The number of ransomware attacks against state and local governments and public education systems appeared to fall in the first half of 2020 compared to last year, with the bulk of the decline coinciding with the emergence of the COVID-19 pandemic, cybersecurity researchers said.
But as more public-sector employees have gone back to work, and with a new school year approaching, the rate of attacks has started to tick back up. One analyst said it’s possible that the observed drop-off in attacks was the result of cybersecurity issues being overshadowed by the health crisis.
The cybersecurity firm Recorded Future counted 51 ransomware attacks against state and local governments between January and June of this year, compared to 111 over the same period in 2019. And 39 of those incidents occurred in January and February, and nearly one-third of them targeted K-12 school systems, which emerged last year as one of the juiciest targets for ransomware actors.
In the first half of 2020 @RecordedFuture catalogued 51 ransomware attacks against State and Local Governments (compared to 111 in 2019). Looking at the chart, January and February started really strong then COVID-19 hit and activity slowed down (1/3) pic.twitter.com/4mTFhRRjwZ
— Allan “Ransomware Sommelier ????????????” Liska (@uuallan) July 2, 2020
But Recorded Future analyst Allan Liska said the attacks mostly stopped around mid-March, as schools closed across the country and government offices emptied out and went remote. In an interview with StateScoop, Liska theorized that the decline in incidents might be attributable to schools moving the bulk of their operations to virtual platforms like Zoom and Google Classroom, and shrinking public-sector payrolls — about 1.5 million state and local government and education-sector workers have been furloughed or laid off since March, according to the Pew Charitable Trusts — giving hackers fewer opportunities to deploy their ransomware.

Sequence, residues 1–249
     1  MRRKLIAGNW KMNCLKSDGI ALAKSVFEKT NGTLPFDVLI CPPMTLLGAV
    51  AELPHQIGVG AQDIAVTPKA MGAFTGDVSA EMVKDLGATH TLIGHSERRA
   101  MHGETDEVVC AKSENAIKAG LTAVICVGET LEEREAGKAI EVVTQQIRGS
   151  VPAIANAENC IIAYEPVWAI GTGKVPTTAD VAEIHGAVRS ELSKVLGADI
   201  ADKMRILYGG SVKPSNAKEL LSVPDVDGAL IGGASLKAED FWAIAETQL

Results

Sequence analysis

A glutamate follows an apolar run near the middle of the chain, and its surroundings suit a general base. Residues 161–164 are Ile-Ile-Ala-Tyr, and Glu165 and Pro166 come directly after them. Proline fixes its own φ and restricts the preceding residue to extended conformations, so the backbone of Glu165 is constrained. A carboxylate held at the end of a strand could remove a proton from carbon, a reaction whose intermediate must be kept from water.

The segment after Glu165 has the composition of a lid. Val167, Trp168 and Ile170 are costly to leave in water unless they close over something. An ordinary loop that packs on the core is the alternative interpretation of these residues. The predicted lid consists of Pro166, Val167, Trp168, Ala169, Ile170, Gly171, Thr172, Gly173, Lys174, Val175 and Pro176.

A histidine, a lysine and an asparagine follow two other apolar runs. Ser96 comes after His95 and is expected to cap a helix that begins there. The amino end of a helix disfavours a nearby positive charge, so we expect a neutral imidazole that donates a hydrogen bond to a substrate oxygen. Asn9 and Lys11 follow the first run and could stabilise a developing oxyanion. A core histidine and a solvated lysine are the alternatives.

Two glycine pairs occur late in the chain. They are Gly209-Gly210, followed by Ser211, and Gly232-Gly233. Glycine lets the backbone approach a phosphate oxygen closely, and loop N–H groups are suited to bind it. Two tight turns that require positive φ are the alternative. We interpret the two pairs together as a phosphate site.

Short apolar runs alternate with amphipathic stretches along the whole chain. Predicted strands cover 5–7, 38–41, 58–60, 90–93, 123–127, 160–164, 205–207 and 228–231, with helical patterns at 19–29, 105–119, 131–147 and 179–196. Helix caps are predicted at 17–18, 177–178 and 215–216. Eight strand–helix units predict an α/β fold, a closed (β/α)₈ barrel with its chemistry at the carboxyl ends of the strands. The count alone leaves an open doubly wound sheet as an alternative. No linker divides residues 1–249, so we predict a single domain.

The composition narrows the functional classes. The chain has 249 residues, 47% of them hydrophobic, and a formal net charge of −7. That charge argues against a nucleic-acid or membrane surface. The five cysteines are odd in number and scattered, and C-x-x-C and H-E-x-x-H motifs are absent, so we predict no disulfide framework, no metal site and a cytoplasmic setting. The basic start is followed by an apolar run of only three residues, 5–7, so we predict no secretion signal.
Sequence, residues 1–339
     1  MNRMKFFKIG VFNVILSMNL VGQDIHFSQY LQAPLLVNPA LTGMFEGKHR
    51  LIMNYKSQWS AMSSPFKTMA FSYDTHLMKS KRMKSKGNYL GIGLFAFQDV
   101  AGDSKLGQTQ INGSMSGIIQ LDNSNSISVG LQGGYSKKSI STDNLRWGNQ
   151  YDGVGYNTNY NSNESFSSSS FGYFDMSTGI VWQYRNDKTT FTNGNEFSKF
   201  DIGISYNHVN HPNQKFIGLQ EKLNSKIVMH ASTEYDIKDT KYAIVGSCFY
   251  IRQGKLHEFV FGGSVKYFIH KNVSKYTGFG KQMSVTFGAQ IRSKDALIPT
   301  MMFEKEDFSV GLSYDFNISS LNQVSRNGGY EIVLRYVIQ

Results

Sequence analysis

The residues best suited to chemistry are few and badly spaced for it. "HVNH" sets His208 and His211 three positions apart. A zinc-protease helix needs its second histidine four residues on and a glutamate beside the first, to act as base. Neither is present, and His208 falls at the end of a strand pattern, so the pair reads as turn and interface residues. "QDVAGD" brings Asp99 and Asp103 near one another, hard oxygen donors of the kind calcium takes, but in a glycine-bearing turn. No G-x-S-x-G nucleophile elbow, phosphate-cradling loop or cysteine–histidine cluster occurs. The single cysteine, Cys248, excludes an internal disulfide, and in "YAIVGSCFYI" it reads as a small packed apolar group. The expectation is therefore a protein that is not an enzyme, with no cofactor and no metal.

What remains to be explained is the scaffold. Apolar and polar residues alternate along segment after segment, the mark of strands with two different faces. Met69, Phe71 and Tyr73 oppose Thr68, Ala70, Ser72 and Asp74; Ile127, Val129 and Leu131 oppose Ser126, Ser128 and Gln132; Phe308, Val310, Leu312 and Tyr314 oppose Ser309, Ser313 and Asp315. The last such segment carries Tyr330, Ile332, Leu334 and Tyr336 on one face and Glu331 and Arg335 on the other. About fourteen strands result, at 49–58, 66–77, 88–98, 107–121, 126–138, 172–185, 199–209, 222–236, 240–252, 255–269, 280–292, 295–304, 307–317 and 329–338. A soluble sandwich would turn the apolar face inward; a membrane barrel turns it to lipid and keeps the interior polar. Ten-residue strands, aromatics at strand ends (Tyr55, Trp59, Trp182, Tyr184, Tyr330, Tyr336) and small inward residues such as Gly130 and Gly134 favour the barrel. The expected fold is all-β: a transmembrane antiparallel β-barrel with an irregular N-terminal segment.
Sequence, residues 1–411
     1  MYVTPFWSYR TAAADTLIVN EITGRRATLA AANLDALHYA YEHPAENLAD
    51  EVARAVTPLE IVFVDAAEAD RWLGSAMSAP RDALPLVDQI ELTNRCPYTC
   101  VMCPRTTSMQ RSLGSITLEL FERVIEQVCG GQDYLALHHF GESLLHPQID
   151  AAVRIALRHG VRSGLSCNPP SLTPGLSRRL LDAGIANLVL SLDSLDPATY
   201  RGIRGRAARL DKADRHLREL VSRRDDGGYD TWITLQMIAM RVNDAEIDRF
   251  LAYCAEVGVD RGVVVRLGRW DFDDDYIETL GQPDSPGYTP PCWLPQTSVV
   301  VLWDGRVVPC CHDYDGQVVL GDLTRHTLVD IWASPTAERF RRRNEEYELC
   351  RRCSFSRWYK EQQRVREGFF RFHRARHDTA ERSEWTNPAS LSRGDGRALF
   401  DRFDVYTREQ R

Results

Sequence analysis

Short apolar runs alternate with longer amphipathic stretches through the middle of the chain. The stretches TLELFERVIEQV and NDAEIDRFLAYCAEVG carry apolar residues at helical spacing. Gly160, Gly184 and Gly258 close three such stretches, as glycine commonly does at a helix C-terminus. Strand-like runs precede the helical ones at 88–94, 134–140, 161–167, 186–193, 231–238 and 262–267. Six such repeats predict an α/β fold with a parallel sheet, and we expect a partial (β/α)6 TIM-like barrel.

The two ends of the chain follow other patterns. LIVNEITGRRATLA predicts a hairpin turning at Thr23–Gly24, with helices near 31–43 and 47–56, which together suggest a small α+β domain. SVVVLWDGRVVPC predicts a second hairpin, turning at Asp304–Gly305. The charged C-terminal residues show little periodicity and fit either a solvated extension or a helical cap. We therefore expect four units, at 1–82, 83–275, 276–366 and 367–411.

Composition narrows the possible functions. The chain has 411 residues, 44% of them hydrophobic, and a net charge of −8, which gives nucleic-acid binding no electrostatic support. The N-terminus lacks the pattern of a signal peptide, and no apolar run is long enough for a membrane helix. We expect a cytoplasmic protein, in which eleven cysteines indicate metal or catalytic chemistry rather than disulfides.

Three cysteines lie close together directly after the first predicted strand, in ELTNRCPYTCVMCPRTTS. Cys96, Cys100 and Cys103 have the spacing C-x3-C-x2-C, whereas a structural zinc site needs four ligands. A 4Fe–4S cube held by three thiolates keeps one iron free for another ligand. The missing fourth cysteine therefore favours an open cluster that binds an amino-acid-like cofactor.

“So many of the state and local governments were shut down, there were fewer opportunities,” he said. “You don’t have as many people to phish who can get you into the middle of the network. If you’ve got a smaller attack surface, you’ve got fewer opportunities to get in.”
State chief information security officers, meanwhile, worried at the start of the pandemic that sending millions of public-sector employees to work from home would potentially expose sensitive government networks to the risks of home Wi-Fi setups and personal devices that don’t usually connect to those systems.
“We’re now adding hundreds of unknown networks,” Colorado CISO Deborah Blyth said last month during a virtual conference.
And there have been several ransomware incidents reported since the beginning of the pandemic, with victims including the cities of Florence, Alabama, and Knoxville, Tennessee, as well as statewide agencies like the Texas Department of Transportation. Major research universities, like Michigan State University and the University of California, San Francisco, have also been hit, with the latter paying hackers a $1.14 million bounty to not publish stolen data.
The cybersecurity research firm Emsisoft, which said Wednesday it’s counted 59 ransomware attacks against state and local agencies, also observed a dip as COVID-19 spread across the United States, though the effect dampened as states started relaxing their restrictions and reopening government offices.
“We are, however, seeing a reversal in that trend with the number of incidents now starting to increase,” read a post on Emsisoft’s blog. “This may be due to the lifting of restrictions and employees returning to the workplace or simply a normal season spike.”
Recorded Future’s Liska, though, had another theory as to why the number of reported ransomware incidents might have briefly declined: consumed by the health crisis, some government agencies might not have the bandwidth to address cyberattacks.
“The ransomware against state and local government was so overwhelmed by the pandemic,” he said. “We may find out six months or a year from now, when it gets entered into a city council meeting.”
Still, even if the number of attacks did go down earlier this year, states and cities should’t rest, Liska warned.
“The one thing about these ransomware actors is they’re very dynamic,” he said. “They have the ability to pivot from one kind of target to another kind of target. They will figure out what the new normal is because state and local government is too important of a target to give it up completely.”